I had never heard of Manitoba’s Riding Mountain National Park until I was designing our American Safari itinerary. All I knew about Manitoba was that you could see polar bears in Churchill and you could swim with beluga whales.
While researching Riding Mountain I came across a page about the wildlife found in the park. My eyes stopped at one word in particular: wolves. Wolves! Digging more I found a research paper with the location of the wolf pack territories within the park. And it was while doing that research that I found a map with all the hiking trails and points of interest. I could not believe my eyes when I read Grey Owl’s Cabin Trail. I didn’t even know that Grey Owl ever lived in Manitoba.
Who was Grey Owl?
I have always admired Grey Owl since as long as I can remember, yet sometimes it seems that I am the only person who has ever heard of him. Trapper turned conservationist, Grey Owl was born Archibald Stansfeld Belany in England. Seduced by the outdoors and longing to live in the wilderness he moved to Canada and posed as a native American where people knew him as “Archie” Grey Owl. Known internationally for his work as a speaker, author, and conservationist, Grey Owl was hired by Canada Parks as the “caretaker of park animals at Riding Mountain National Park” in 1931, when he was 42. His specific goal was to re-introduce the long-persecuted beaver back into the Canadian wilderness.
Grey Owl moved to Riding Mountain with his companion Anahareo and their two pet beavers (Jelly Roll and Rawhide). The summer of 1931 was an extraordinarily dry one and the land proved to be unsuitable for both the beavers and for Grey Owl (he wanted to be able to travel by canoe). They relocated to the Prince Albert NP in Saskatchewan where Grey Owl was able to use his canoe and to reintroduce his beavers, who soon built lodges and spread throughout the park. This is why I was so excited to hike to his cabin. It was a rare chance to catch a glimpse into the life of a great naturalist and conservationist.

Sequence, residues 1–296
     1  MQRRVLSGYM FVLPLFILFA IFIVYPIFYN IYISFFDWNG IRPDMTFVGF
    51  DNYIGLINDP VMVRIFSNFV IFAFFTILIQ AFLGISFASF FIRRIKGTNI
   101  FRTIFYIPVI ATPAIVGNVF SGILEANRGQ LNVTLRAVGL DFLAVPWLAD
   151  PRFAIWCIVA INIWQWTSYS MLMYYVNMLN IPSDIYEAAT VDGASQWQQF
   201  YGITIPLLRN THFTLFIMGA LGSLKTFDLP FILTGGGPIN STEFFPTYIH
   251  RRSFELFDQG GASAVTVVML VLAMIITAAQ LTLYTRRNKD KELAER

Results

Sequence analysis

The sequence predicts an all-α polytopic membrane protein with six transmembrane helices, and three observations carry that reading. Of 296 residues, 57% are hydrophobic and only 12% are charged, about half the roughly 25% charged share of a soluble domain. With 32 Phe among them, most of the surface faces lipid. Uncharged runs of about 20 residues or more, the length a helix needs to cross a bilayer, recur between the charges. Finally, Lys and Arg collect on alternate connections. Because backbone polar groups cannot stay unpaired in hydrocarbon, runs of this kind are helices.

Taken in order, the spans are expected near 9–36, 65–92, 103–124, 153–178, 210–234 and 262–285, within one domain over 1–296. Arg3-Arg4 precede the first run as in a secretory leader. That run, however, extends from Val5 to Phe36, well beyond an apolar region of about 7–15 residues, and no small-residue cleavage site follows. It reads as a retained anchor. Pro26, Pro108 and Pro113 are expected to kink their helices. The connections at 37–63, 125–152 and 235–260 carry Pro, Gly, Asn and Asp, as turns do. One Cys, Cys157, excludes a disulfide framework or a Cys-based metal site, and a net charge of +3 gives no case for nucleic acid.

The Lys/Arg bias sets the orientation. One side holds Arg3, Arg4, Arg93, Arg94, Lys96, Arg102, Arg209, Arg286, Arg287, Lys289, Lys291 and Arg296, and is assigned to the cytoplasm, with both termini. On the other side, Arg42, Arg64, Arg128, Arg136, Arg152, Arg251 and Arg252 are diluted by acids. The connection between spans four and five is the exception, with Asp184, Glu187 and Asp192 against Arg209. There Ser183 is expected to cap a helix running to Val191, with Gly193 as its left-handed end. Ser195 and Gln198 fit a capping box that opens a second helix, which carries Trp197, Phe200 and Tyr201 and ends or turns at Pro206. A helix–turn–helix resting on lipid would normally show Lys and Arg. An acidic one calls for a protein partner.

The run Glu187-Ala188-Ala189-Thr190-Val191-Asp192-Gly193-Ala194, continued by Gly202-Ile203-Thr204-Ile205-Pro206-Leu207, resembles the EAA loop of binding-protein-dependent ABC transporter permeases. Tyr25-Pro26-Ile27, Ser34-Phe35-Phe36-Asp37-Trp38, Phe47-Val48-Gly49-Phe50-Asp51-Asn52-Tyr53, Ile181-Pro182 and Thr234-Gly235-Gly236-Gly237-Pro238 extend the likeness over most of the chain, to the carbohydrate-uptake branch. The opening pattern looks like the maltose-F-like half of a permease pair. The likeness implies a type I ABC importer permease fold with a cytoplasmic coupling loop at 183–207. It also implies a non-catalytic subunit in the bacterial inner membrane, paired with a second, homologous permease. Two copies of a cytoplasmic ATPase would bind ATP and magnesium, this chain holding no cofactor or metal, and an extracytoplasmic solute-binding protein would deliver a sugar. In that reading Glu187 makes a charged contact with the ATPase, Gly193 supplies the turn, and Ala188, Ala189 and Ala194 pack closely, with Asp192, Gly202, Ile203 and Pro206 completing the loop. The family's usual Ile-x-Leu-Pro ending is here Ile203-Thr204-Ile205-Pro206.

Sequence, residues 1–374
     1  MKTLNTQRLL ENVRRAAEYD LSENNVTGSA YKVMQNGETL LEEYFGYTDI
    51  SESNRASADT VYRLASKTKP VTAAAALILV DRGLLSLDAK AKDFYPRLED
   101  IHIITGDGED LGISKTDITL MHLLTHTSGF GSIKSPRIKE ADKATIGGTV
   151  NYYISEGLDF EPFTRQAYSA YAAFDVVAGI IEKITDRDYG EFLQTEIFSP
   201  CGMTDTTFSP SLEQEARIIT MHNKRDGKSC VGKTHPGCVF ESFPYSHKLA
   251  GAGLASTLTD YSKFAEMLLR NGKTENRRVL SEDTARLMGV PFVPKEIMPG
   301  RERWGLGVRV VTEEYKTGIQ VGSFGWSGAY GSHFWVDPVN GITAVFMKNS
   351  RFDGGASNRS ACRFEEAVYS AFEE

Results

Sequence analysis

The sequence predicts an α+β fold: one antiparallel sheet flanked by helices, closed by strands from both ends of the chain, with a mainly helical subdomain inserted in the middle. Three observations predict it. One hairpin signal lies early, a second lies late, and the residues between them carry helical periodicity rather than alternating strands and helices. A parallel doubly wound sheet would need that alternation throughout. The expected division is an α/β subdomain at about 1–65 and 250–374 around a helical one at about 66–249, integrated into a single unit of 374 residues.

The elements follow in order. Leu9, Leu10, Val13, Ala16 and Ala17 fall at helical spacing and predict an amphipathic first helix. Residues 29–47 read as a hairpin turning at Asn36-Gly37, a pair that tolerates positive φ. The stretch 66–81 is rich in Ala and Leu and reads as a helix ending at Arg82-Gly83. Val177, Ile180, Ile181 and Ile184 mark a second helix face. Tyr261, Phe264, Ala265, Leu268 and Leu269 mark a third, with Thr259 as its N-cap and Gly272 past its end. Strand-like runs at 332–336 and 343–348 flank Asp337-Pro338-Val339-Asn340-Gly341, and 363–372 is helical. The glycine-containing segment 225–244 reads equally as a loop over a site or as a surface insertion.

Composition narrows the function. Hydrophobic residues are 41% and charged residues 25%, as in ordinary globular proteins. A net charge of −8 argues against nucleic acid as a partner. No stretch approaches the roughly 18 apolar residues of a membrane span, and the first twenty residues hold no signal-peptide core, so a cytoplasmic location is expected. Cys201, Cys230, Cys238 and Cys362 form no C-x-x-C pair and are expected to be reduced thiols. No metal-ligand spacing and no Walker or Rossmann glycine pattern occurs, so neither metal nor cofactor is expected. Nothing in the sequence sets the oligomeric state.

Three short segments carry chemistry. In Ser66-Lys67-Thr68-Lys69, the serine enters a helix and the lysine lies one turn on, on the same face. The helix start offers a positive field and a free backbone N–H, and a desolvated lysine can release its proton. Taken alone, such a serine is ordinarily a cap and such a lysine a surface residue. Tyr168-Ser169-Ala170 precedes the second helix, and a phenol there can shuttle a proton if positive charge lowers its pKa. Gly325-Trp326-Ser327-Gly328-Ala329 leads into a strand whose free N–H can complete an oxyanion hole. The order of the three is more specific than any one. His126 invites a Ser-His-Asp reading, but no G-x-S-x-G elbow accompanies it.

Want to learn about Grey Owl the easy way? His life was made into a film (titled Grey Owl) by Richard Attenborough and starring Pierce Brosnan.
On The Trail
Truth to be told, I am not a hiker. I like to wander around the woods and sit and listen to the forest, but that does not give me “true hiker” status. The round trip to the cabin was a daunting 11 miles and it sounded like a lot of work for a hot sweaty summer day.
But when would I have this opportunity again?
So armed with bug spray and water we set off early in the morning to avoid the midday sun.
We moved faster than expected, hopping carefully over the tiny frogs that crossed the trail and always trying to stay one step ahead of the cloud of mosquitoes. In no time we had reached the warming shelter, and we decided to step in to momentarily avoid the blood-sucking hordes. It proved to be a pleasant, mosquito-free retreat. Two benches, a stove, a guest book, and a broom decorated the dark room. Outside, a bunch of firewood sat ready to welcome the white winter and the people who might need shelter during their cross-country ski and snowshoe outings.
Having recovered from our mosquito attack we decided to carry on and get to the cabin, just over 3miles away. It would be perfect for a lunch break.